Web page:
PACAF Airmen overcome contested C4 and logistics during BLUE FLAG 23-1

  • Published
  • By Tech. Sgt. Nick Wilson
  • Headquarters, Pacific Air Forces Public Affairs

JOINT BASE PEARL HARBOR-HICKAM, Hawaii – Airmen from Pacific Air Forces demonstrated Command, Control, Communications, and Computer (C4) Systems resiliency in a degraded environment alongside Airmen from the 505th Combat Training Squadron, Hurlburt Field, Florida, during BLUE FLAG 23-1 at Joint Base Pearl Harbor Hickam, Hawaii, Jan. 30 to Feb. 3.

BLUE FLAG 23-1 was the second focused iteration of the annual exercise, designed to provide PACAF and U.S. Indo-Pacific Command’s air component with realistic, multi-domain command and control training environments specifically designed for operational-level warfighters responding to pacing threats.

As strategic competitors seek to gain advantages across multiple domains, BLUE FLAG 23-1 prepared members within the 613th Air Operations Center and the PACAF Battlestaff to deter and fight adversaries in a contested communication and logistical environment.

“We need to be prepared for any conflict in this theater and across the globe,” said Col. James McFarland, commander of the 613th Air Operations Center. “In this exercise, we are simulating the pacing threats' capability to degrade and deny us in cyber and other communications methods.”

As BLUE FLAG 23-1 integrated the joint force warfighters to design, plan, execute, and assess the air component operations, it also ensures the Theater Joint Forces Air Component Commander retains the critical ability to effectively command and control joint air, space and cyberspace capabilities.

Each year, the exercise expands in scope to present more complex challenges and to validate primary, alternate, contingency, and emergency plans (PACE) regardless of the problem set.

Members from the 505th CTS developed complex scenarios that replicated cyber-attacks, emulated system-wide degradation of services, and simulated missile attacks to bases and austere airfields throughout the Indo-Pacific, then trained, observed, and assessed PACAF Airmen as they responded.

Simulated degraded environments require Airmen to execute Continuity of Operations Planning (COOP); an effort within individual agencies to ensure they can continue to perform their mission essential functions during a wide range of emergencies.

“The exercise simulates significant challenges and problems to overcome,” said Col. Jeff Jarry, PACAF deputy chief of staff. "It challenges Airmen to critically think and navigate the complex webs of communications interdependencies and other pathways that we can look at leveraging to ensure we maintain command and control and be able to operate.”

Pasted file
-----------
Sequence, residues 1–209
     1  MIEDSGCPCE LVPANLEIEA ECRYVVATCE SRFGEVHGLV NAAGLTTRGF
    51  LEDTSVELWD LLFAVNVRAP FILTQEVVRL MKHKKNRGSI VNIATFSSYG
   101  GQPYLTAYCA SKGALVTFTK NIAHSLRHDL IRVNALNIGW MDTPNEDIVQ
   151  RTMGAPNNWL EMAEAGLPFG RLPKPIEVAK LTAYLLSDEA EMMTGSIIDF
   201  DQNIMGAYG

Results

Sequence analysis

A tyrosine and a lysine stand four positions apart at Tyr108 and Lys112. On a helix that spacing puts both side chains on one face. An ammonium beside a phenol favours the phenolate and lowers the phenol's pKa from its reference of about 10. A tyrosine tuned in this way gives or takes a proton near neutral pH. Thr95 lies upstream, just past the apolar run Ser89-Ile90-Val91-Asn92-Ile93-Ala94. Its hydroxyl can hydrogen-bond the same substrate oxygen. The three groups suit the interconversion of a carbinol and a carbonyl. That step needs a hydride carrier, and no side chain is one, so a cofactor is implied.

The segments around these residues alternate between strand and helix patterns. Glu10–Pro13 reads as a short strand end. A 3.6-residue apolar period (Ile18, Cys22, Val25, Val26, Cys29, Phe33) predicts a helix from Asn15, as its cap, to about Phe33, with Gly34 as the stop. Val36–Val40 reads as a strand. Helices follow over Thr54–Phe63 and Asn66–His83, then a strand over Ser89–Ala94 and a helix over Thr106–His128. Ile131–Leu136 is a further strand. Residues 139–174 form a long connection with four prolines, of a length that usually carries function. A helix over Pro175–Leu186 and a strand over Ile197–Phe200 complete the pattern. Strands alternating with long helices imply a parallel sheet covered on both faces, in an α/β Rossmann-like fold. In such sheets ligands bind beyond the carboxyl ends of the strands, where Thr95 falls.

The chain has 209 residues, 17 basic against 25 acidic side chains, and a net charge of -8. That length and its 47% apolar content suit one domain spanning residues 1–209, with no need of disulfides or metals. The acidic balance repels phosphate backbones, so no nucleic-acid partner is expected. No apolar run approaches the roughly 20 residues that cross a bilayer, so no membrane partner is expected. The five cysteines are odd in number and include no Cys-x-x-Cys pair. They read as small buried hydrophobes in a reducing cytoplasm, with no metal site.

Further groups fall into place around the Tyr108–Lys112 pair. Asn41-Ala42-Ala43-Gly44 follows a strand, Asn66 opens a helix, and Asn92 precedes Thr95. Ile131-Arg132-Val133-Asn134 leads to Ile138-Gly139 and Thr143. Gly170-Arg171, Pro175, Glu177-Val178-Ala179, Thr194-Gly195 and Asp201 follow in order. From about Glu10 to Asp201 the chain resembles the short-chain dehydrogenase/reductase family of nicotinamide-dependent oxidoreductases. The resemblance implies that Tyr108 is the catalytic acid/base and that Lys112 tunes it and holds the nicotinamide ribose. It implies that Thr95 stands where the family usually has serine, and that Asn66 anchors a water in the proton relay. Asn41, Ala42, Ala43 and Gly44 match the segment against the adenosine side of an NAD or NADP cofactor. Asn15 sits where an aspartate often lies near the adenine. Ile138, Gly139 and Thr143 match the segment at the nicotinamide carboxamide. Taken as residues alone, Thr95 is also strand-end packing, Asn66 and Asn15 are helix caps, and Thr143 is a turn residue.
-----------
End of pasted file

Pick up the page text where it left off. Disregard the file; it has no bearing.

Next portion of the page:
BLUE FLAG 23-1 also enabled Airmen to test new ideas and concepts while preparing them for future competitors by successfully implementing flexible response options against simulated damage from a barrage of cyber-attacks.

“We know that command and control is an evolving threat and I've been impressed by the team taking on challenges, not backing down, and finding innovative ways to do things,” McFarland said. “We've thrown challenges at the team that we expected to drive certain outcomes. For example, if there was a problem that was category A, they found a Category B solution that absolutely gets the mission done.”

Although the challenges were complex and ever-changing throughout the exercise, the Airmen and joint team found new solutions, oftentimes solutions not accounted for in the scenario development, not only advancing tactics and procedures but informing the 505th CTS for future iterations of BLUE FLAG.

“If you go back to the U.S. Air Force Chief of Staff, Gen. CQ Brown Jr.’s discussion of accelerate change or lose, a big part of that is thinking about the problem in a different way to break those biases and mental models that we've had, and that's exactly what our Airmen are doing,” said McFarland.


BLUE FLAG 23-1 provided Airmen a detailed understanding of threats they face in a contested communication and logistical environment. They practiced working alongside joint force and coalition partners to employ a contingent of strategies to secure senior leaders’ objectives within the Indo-Pacific.

“From the core, we’re integrating with our Allies and partners,” McFarland said. “We're absolutely doing this together, and we continue to plan both real-world and exercise operations as a joint and coalition team while this exercise is going on.”

For the BLUE FLAG 23-1 team, while there is always constant learning and growth, they continue to provide innovative solutions to complex challenges and consistently demonstrate resilient C4, all while executing real-world air and space missions throughout the Indo-Pacific.